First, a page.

In a report issued on June 4, the Government Accountability Office found that while there have been frequent and widespread breaches of personal financial information, it is unclear that those breaches have resulted in actual cases of identity theft.
"The extent to which data breaches result in identity theft is not well known," the report stated, "in large part because it can be difficult to determine the source of the data used to commit identity theft."
Lauren Weinstein, a cofounder of People for Internet Responsibility and a moderator of the Privacy Forum, generally agreed with findings of the GAO report. "It is very difficult to track down the source of the data used in identity theft cases," Weinstein said. "In any large enough pool of people, a certain number are going to suffer identity theft whether or not their data is lost on a corporate backup tape or government laptop."
Enormous Amounts of Data Lost
Without question, however, the sheer number of information breaches is staggering. With the help of groups that monitor media reports of data breaches, the GAO determined that there were some 570 breaches between January 2005 and December 2006. A survey by a House Government Reform Committee listed nearly 800 breaches of federal agency data during a three-year period running from January 2003 to July 2006.
As the report noted, virtually every type of institution charged with protecting private information -- federal, state, and local government agencies; retailers; financial institutions; colleges and universities; and medical facilities -- has failed to do so.
And even if the risk of actual identity theft is small, the number of people affected by these lapses in security is enormous, ranging from hundreds of thousands to tens of millions. As the storage capacity of drives and laptops increases, the amount of material that can be lost will increase accordingly.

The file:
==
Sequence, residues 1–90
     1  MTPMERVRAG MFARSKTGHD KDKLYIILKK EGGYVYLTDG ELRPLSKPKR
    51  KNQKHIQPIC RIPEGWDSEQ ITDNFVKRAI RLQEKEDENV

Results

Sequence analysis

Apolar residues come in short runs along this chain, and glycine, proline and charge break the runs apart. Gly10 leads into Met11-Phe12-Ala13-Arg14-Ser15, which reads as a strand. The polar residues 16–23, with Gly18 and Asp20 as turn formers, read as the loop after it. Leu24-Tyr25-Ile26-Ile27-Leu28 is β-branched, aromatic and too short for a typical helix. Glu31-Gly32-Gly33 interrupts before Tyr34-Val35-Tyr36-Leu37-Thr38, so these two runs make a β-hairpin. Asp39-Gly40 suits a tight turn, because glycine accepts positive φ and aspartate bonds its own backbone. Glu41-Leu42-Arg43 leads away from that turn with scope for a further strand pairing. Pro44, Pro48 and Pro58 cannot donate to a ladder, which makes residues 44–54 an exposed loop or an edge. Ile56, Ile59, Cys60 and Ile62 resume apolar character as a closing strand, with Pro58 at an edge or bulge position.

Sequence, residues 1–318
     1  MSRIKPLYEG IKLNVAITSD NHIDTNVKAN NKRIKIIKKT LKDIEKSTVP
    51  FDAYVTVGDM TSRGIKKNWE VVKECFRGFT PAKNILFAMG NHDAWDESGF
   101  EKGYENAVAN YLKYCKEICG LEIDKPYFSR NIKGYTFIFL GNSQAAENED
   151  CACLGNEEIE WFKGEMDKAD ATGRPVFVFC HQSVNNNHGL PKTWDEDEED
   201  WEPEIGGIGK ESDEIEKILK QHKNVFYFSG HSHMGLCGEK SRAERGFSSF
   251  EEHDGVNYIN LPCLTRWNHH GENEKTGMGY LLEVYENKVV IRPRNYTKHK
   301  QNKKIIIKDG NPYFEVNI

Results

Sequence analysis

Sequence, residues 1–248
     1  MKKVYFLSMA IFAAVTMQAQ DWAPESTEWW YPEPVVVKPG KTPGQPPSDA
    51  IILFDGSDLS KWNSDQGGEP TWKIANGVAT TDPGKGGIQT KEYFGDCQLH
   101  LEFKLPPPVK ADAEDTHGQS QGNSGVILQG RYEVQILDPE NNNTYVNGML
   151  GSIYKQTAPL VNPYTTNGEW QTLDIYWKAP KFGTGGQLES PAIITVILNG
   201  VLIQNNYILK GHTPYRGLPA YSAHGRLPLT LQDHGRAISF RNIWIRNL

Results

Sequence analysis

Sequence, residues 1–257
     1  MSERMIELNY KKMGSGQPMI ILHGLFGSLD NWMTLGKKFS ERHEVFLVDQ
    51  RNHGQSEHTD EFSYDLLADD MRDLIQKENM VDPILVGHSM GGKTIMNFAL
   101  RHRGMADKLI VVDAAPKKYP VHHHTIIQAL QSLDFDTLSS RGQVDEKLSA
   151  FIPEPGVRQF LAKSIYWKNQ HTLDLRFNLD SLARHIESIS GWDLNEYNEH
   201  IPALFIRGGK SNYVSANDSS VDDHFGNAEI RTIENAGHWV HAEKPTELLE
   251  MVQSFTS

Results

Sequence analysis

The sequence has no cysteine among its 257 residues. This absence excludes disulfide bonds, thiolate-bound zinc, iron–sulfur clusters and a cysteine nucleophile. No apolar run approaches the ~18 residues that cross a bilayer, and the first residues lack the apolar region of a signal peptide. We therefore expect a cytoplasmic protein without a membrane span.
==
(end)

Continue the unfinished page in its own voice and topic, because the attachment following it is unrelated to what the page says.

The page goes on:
Costs Outweigh Benefits?
The GAO report did not contain any specific recommendations, but did suggest that the costs of consumer notification and other remedial measures need to be considered, particularly in light of the difficulty of showing specific harm resulting from data breaches.
Weinstein agreed that a cost-benefit analysis is useful. "I'm not suggesting that data theft is not a serious problem -- it obviously is -- but there may be better ways to deal with the issue. Among other things, companies should not be using hard drives and laptops to transport data, and they certainly should not be doing so without encrypting it."
The other piece of the puzzle, Weinstein said, is to educate consumers about where the real risk lies. "You're at a much greater risk of identity theft," Weinstein suggested, "from someone who knows you -- a neighbor, a family member, an ex-spouse -- than you are from someone who finds a backup tape or rips off a laptop to make a few quick bucks."